John Peck was among the first Greenville Tool and Die workers to earn a certificate at Montcalm Community College.
Peck began working in a grocery store in eighth grade for 65 cents per hour. Learning that Greenville Tool and Die offered $1 per hour in the summer between 10th and 11th grade, he switched jobs. After graduating from high school, he worked full-time at Greenville Tool and Die because “the shop was more interesting than going to college,” he says.
“At that time, no apprenticeship-related training classes were offered locally. Everyone went to Grand Rapids and you waited your turn. My turn did not come up until 1963. Stan Ash, Greenville Tool and Die owner, saw that there was a local need to get MCC going, and that is how I wound up at MCC,” he says.
Greenville Tool and Die paid for his classes at MCC because he was an apprentice, but he still had to study outside of work time. Because most of the apprentices worked nights, the related classes were held on Saturday mornings.
“After being away from schooling for several years, there was a bit of apprehension going back to the classroom. As I took evening classes, most of the students were in the same boat, which made it easier. The instructors were very good at dealing with adult students,” he says.
He enjoyed all the classes he took, particularly remembering science and physical education courses. He also found that his English and writing courses helped him in the future.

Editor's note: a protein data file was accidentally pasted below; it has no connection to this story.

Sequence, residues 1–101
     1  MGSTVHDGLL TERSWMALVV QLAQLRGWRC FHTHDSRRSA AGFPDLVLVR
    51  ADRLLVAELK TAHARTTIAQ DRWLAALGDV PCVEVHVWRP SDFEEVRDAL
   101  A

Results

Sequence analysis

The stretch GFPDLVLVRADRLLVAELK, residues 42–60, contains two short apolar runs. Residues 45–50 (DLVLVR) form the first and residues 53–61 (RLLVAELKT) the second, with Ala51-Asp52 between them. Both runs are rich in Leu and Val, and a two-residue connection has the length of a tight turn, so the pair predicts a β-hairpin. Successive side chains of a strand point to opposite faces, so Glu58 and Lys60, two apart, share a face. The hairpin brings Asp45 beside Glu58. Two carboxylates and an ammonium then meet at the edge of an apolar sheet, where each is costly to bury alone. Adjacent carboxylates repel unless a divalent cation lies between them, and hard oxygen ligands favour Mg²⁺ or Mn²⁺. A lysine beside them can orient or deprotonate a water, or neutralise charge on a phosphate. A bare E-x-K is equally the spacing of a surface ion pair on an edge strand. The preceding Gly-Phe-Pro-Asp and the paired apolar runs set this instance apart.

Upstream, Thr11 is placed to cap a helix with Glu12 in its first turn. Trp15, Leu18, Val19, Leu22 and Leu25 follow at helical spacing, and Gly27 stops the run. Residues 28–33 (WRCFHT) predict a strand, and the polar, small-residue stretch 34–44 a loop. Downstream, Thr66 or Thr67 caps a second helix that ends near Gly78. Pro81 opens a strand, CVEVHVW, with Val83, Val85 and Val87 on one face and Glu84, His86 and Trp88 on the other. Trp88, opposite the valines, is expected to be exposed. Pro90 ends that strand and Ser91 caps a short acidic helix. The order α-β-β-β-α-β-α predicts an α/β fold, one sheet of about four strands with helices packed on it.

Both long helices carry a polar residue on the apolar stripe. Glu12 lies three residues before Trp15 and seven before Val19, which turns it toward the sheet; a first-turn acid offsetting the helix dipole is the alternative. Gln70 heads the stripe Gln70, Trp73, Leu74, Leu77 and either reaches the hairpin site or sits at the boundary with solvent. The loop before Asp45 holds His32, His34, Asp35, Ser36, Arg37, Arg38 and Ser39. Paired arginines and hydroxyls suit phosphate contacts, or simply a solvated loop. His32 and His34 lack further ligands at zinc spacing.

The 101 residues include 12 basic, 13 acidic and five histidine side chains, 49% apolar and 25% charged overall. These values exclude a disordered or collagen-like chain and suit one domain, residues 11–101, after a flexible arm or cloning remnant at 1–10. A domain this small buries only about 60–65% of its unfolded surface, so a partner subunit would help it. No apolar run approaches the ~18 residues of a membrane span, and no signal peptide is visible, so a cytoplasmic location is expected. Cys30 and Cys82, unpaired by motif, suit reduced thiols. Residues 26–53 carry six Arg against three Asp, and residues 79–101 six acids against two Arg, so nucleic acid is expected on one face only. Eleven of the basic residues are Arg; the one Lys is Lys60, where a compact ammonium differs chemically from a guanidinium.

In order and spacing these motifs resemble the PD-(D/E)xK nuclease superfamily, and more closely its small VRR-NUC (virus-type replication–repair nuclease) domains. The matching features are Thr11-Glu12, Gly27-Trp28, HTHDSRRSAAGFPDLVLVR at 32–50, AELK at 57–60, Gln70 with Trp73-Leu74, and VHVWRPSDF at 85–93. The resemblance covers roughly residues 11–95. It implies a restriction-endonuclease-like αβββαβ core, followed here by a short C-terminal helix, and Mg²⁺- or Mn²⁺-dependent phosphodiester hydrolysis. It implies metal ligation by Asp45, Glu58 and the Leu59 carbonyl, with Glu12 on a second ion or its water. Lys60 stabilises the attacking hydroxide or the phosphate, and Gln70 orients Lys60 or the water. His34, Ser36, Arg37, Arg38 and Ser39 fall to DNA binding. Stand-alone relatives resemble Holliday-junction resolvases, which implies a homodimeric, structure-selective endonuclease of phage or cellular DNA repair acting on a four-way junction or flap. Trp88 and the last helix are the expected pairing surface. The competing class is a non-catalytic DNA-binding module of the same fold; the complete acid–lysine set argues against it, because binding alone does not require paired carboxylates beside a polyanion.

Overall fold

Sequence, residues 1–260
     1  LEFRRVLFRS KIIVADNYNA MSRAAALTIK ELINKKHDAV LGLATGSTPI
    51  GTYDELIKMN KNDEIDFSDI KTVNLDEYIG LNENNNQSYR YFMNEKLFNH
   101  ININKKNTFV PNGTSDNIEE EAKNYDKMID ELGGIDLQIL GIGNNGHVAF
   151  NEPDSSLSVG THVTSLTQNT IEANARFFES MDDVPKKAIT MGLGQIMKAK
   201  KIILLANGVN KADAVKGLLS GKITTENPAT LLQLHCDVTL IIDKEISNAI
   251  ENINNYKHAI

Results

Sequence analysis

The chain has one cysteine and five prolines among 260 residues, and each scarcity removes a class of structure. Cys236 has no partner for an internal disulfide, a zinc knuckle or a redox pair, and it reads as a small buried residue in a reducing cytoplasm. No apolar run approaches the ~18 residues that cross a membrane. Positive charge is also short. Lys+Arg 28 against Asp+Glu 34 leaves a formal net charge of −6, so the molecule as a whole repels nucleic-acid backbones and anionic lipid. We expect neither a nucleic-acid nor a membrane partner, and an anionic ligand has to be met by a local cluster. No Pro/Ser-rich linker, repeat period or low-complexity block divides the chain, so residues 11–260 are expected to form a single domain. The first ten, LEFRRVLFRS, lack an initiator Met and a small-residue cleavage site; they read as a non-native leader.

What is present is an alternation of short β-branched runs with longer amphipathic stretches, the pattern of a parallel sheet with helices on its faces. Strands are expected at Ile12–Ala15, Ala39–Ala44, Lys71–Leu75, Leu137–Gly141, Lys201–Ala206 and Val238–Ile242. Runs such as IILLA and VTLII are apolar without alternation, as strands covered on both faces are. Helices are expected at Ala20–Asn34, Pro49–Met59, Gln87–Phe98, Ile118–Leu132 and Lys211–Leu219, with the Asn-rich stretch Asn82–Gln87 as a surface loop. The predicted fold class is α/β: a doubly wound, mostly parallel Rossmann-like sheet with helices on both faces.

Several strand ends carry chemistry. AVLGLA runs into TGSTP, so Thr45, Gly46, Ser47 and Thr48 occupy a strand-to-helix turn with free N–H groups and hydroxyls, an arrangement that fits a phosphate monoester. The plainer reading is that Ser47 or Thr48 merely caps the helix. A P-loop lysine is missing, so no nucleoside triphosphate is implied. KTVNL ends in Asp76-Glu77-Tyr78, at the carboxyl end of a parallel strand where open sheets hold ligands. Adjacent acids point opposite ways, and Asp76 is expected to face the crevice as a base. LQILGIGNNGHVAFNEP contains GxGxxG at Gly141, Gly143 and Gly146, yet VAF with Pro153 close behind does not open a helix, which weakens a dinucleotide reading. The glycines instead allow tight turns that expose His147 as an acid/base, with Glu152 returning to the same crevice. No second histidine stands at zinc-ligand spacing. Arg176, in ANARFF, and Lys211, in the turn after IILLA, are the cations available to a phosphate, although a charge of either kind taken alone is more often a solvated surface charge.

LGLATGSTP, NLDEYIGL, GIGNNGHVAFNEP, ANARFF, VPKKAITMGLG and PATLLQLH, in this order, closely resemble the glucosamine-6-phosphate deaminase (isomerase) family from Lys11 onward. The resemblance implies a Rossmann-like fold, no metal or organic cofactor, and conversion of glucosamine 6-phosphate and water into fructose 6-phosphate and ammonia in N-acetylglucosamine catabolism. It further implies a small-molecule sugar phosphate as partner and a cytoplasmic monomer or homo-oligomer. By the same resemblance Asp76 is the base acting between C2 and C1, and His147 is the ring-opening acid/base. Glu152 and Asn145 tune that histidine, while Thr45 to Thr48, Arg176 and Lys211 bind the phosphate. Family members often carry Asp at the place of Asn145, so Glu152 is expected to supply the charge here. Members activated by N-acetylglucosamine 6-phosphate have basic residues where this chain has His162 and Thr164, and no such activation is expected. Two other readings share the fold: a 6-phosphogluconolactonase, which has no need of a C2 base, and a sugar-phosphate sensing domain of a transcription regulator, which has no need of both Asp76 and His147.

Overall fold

Peck earned a Tool and Die Maker Certificate in 1967. Ten years later, he earned an Associate of Arts & Sciences.
“After MCC, I continued on at Greenville Tool and Die and worked there for over 25 years. It was a great place to work and I learned a lot. Charlie Randall, Stan Ash, Bill Arntz and Dale Hartway were just good people to work with. I have been fortunate to have visited die shops in the U.S., Canada, United Kingdom, Germany, France, Italy, China and Korea; I would put Greenville Tool and Die at the top.”
After leaving the die business, Peck managed engineering groups for about eight years and automotive supplier plants for more than a decade.
“All my years in manufacturing have been in some way involved with the automotive business, and it started with Greenville Tool and Die, as they have specialized in automotive stamping dies for years,” he says.
Peck then taught Machine Tool, Tool and Die, Industrial Maintenance and Welding at Tennessee College of Applied Technology for six years. He took an 18-month break from teaching and was Corporate Tooling Manager for a Japanese-owned Company. He currently teaches the same classes on a substitute basis. He also has his own business instructing in tool and die repair as well as doing consulting work with International Organization for Standardization (ISO) documentation and auditing.
“My personal success is based on who I have helped along the way and relaying my experiences, over the last 50-plus years, to others,” he says.
After living in Michigan, Indiana, Ohio, Georgia and Alabama, Peck now resides in Shelbyville, Tenn., with his wife, Grace Rohlf. He has three children, four grandchildren and four great-grandchildren.